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In the early port years, the Kanagawa Magistrate's office (of which the custom house was a part) wielded power not only over the export and import duties levied, but also over foreign matters. The Great Yokohama Fire of 1866 eliminated the Kanagawa Maritime Transportation Office, the forerunner of the Yokohama Custom House, as it has been called since 1872. The present building was built in 1936 and is fondly known as "the Queen," because of its landmark domed mosque-like tower. An exhibit of contraband items includes faux name brand handbags, watches, etc. Ingenious methods for sidestepping customs that were tried and failed are exhibited. (NBW)
The Silk Museum is a delightful museum that portrays the role that silk has played in the history of Yokohama. In the years after Japan opened its doors to the world, silk was its major export, and Yokohama was the primary port for the silk shipping industry. In addition to explaining the role that silk has played in Yokohama's past, the Silk Museum houses a wonderful collection of silk kimonos and antique costumes fashioned from silk. It also houses a library of Japanese books and a movie theater. For those interested in the history of Japanese costumes, and those enraptured by the unique beauty of flowing silk kimonos, the Silk Museum is a rare treat.
Ocean travelers will appreciate this small, but beautifully appointed museum on the waterfront in Yokohama. In 1896 Nippon Yusen Kaisha inaugurated the European route when their first passenger ship, the Tosa-maru, left Yokohama headed for London. Service to Melbourne, Australia, and Seattle, USA, also began later that year. The displays include officers' uniforms, crockery, cutlery, furnishings, biographies of the many foreign ship captains, ship models, photographs of famous passengers, and the first dining room menu from 1896, which featured Western food. Mention must be made of the fine library collection, which has several shelves of books in English on shipping and ocean liners. The tea lounge is a remodeled cabin.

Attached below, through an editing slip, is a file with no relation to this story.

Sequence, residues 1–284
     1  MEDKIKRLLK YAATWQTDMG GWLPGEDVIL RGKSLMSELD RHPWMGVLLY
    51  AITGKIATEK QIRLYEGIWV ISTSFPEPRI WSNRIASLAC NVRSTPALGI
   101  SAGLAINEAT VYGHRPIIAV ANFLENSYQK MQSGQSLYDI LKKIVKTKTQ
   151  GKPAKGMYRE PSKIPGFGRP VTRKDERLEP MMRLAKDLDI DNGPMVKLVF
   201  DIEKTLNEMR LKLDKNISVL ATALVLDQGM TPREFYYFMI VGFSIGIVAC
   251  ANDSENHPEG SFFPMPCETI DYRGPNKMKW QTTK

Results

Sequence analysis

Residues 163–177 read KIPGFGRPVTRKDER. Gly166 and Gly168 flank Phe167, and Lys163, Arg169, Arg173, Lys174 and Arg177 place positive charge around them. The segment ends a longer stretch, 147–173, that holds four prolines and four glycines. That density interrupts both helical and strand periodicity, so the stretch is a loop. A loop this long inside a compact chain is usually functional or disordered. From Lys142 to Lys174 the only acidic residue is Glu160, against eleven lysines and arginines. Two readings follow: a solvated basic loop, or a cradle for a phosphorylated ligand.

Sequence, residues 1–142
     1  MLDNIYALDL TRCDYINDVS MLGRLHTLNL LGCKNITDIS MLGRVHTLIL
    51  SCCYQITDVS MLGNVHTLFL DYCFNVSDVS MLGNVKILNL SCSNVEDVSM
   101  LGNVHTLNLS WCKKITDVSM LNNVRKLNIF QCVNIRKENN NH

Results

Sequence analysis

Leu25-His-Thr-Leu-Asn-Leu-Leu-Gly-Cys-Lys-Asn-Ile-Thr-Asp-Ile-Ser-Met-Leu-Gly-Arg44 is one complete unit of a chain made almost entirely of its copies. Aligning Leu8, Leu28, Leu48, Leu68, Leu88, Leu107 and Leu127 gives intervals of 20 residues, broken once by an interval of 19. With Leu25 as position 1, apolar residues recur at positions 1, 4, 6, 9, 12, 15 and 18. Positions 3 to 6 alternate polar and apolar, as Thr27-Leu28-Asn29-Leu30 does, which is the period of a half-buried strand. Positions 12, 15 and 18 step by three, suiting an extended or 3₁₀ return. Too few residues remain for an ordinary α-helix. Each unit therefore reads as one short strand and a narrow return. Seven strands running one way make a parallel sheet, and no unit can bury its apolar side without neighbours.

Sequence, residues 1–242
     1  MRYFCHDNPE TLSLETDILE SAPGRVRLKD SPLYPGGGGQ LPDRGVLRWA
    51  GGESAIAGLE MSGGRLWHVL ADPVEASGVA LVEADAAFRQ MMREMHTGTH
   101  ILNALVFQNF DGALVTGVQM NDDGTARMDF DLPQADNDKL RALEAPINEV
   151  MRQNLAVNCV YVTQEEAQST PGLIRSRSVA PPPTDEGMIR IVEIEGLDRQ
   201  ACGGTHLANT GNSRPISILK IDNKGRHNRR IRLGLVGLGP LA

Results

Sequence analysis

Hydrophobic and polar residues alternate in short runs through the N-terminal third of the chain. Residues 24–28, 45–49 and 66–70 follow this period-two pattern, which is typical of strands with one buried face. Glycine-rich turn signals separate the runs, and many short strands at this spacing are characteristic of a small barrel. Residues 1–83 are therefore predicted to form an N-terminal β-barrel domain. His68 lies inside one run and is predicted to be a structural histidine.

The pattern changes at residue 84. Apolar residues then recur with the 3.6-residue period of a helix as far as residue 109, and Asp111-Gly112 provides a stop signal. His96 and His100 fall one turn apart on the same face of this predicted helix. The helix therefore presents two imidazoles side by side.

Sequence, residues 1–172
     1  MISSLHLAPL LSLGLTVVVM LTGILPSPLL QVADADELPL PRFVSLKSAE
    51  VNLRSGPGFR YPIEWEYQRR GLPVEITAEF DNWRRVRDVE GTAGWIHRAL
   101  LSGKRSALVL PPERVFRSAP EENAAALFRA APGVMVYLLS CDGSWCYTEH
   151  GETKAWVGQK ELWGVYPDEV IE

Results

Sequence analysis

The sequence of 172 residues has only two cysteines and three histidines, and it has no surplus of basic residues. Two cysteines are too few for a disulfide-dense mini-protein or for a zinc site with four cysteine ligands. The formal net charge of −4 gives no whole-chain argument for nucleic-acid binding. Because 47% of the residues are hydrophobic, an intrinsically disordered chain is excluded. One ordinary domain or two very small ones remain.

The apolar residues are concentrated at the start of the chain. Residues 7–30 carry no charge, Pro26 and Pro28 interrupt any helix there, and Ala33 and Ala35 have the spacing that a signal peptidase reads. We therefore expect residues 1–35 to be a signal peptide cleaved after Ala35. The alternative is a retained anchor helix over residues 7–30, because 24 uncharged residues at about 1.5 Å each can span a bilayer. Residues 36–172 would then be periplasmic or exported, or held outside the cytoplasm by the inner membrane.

Odori Park is a one-mile long, narrow mall that stretches through the heart of Isezaki-cho, the workingman's playground in Yokohama. Odori Park starts a few minutes walk from the JR Kannai Station. Odori Park is subdivided into several neighborhoods, such as Misu no Hiroba or Water Plaza and Ishi no Hiroba or Stone Plaza. The grassy, tree-dotted park contains a number of sports sculptures by Henry Moore and other popular artists.
The Yokohama Municipal Tourist Association is an excellent English-speaking city tourist office that serves the needs of visitors to Yokohama. Located just a short walk from Kannai Station, and close to the Silk Center and Yamashita Park, this tourist office offers a broad selection of brochures on Yokohama, a good English-language map, and lots of free advice on good dining, fine accommodations, and the city's sightseeing hot spots. Yokohama Municipal Tourist Association also has a Home Visit System where they can arrange for you to visit with a Japanese family. Please note that at least 24 hours advance notice is required if you wish to take advantage of the Home Visit System.
Just an hour outside of Tokyo, Yokohama is really a great place to spend the day, be it by the waterfront, in Chinatown or popping in and out of its various artistic hot spots. Located just off the port is the Yokohama CreativeCity Center/BankART 1929, headquarters for the city's great, artistic, urban renewal intiative. Housed in the stone building of the former Dai-ichi Bank built in 1929, with almost 23-foot ceilings, this spacious hall is presently the epicentre of the Yokohama art scene. With 2 floors of rental and office spaces, and a small, but comprehensive bookshop, the Yokohama CreativeCity Center/BankART 1929 might not show itself off, but it is certainly the key to unlocking Yokohama's other artistic treasures. - Stephen Lebovits